Publication: Dial/Penguin, hardcover, 2020
Genre: Fiction/Middle SchoolPlot: Delicious Roberts, known as Della, is a feisty but vulnerable fourth grader whose mother is incarcerated, but has always had her older sister Suki to take care of her. Yet she is used to being self-reliant, and she’s had to be because the adults in her world don’t understand what she is dealing with. Her teacher assigns family trees although she must know Della is in foster care and doesn’t have the type of family situation that is remotely sharable. She and Suki lost everything they owned when they ran away from their mother’s former boyfriend and he burned all their belongings. Now Suki, who has always been Della’s rock, is acting erratically and the girls have started squabbling for the first time. When Suki tries to commit suicide, it is up to Della to take control and help her sister get help.
My Impressions: This is a beautifully written book about sisters and the very difficult subject of child abuse. I am a huge fan of Bradley’s two books about Ada and her brother Jamie, The War That Saved My Life* and The War I Finally Won, and was delighted when my then eleven-year-old niece loved them as much as I did. I even gave the first book to my History of Children’s Literature professor for Christmas (she does not seem to have read anything published this century). So I was excited when I snagged an ARC at ALA Midwinter but, initially, I was a little disappointed that Bradley had chosen to write a gritty novel set in the unpalatable present instead of more historical fiction.
However, just as she managed to weave difficult truths with the whimsy of everyday life and the backdrop of war into two irresistible books about a flawed but delightful heroine, here, Bradley immediately made me care about Della and Suki, recognizing how much their story needed to be told. From the minute Della takes on an insensitive teacher and gets the principal on her side, I was charmed, and I suffered with both sisters as Della slowly reveals what happened to them and why they fled from their former home. The teen or adult reader guesses what’s going to happen but I certainly would have had no clue at Della’s age what was going on. It also gives a realistic picture of foster care which is rare. The book is not just intended for victims of sexual abuse but perhaps also for girls like my former self, to help us be better friends to those in trouble.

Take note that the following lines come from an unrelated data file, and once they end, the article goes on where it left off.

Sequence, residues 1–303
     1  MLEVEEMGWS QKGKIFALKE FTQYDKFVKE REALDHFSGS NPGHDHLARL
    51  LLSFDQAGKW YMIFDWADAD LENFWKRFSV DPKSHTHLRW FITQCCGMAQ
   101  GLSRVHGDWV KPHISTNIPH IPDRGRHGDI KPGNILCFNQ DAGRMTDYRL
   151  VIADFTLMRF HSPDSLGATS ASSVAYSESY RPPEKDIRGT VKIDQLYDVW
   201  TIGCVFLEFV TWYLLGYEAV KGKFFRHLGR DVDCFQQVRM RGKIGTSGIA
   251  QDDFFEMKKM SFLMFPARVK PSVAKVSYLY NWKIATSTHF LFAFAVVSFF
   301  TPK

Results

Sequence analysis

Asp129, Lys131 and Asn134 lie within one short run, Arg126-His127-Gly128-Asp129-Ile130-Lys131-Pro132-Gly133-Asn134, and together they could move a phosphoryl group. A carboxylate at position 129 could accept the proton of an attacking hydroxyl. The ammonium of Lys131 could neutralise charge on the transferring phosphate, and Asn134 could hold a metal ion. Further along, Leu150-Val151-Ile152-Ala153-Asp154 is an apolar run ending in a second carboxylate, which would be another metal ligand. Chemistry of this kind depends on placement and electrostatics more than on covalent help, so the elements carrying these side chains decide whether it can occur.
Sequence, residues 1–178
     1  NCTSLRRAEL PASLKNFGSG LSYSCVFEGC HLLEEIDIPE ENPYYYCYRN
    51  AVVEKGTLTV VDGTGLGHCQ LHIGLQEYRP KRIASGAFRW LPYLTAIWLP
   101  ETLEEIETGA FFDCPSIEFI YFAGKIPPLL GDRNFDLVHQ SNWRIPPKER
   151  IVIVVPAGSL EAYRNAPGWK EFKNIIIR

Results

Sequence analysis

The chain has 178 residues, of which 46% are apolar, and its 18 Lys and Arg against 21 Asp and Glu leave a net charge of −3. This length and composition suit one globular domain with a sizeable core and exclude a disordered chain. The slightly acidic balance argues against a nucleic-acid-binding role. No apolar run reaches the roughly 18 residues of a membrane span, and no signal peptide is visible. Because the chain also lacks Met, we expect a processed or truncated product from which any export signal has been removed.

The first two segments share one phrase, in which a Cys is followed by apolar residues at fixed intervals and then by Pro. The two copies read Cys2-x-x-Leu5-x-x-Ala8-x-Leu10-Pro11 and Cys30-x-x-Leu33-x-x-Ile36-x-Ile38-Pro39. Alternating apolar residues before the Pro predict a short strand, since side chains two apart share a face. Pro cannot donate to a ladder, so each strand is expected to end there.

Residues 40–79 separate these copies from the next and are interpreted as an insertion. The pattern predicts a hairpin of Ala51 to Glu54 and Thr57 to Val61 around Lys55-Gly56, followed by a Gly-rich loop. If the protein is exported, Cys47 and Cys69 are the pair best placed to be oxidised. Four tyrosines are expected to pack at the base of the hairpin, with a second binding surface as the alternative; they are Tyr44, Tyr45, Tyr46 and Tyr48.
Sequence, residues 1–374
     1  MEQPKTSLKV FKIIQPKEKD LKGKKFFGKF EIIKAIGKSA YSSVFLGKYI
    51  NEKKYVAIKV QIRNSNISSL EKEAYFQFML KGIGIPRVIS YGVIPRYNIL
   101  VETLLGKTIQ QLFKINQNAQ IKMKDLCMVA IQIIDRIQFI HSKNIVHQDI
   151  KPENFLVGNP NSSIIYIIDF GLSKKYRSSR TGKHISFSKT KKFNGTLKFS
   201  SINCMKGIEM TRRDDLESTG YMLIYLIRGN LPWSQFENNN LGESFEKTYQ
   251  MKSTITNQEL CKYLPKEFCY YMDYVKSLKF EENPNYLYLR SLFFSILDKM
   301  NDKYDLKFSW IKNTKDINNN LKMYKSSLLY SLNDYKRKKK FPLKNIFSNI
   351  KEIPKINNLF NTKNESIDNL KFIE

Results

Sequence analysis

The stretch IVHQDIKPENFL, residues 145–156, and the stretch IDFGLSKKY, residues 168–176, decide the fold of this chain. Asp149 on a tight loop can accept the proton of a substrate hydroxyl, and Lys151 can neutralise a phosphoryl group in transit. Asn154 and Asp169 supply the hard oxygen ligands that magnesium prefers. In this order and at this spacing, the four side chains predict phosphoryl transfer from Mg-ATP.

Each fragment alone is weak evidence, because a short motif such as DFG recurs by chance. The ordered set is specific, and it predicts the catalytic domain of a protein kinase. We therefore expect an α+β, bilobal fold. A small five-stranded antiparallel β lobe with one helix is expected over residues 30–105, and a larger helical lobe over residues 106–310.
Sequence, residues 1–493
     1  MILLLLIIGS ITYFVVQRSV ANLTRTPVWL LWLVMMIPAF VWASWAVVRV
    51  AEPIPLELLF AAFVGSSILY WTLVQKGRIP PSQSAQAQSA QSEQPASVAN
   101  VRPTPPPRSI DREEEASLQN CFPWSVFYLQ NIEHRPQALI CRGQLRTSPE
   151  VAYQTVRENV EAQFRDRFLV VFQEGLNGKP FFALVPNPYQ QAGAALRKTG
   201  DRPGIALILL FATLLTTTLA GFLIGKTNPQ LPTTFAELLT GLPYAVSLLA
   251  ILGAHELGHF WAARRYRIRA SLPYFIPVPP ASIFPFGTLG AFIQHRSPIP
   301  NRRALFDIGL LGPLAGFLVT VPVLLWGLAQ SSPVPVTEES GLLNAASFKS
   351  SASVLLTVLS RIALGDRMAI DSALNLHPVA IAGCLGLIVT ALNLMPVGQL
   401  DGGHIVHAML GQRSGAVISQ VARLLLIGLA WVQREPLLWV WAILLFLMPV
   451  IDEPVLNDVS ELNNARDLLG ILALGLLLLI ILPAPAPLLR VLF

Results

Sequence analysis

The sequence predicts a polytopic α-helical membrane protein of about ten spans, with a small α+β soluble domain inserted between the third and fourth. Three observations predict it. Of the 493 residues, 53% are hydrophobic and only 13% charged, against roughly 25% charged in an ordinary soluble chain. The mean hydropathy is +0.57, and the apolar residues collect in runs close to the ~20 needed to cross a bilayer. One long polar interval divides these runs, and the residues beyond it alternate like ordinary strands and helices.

I move in the kind of circles where censorship and banned books are not infrequent topics. I have no doubt some parents would not want their children reading this book (and won’t bother to read it before complaining) but it is much more than the “problem novels” that were popular in the 70s. It is a moving story about appealing characters and I think most readers about 10 and up could handle the topic and would like it. Here is an interview with Bradley where she discusses her motivation for writing the book.
Quote: I should have guessed, you know? I should have guessed the parts of the story that weren’t about me. I should have guessed what had happened to Suki.
I’ve learned that some things are almost impossible to talk about because they’re things no one wants to know.
Not even me.
That’s the first hard thing I’m telling you. It might not look hard, not yet, but it’s very nearly the hardest thing of all.
Sometimes you’ve got a story you need to find the courage to tell.
Purchase Links: Barnes & Noble, IndieBound, Bookshop.org, Book Depository, Amazon, Dial/Penguin, Library
Source: I received a copy of this book from the publisher. Recommended.
* I still think The War That Saved My Life should have won the Newbery Medal in 2017 instead of being an Honor Book. It's that good! You should read it too!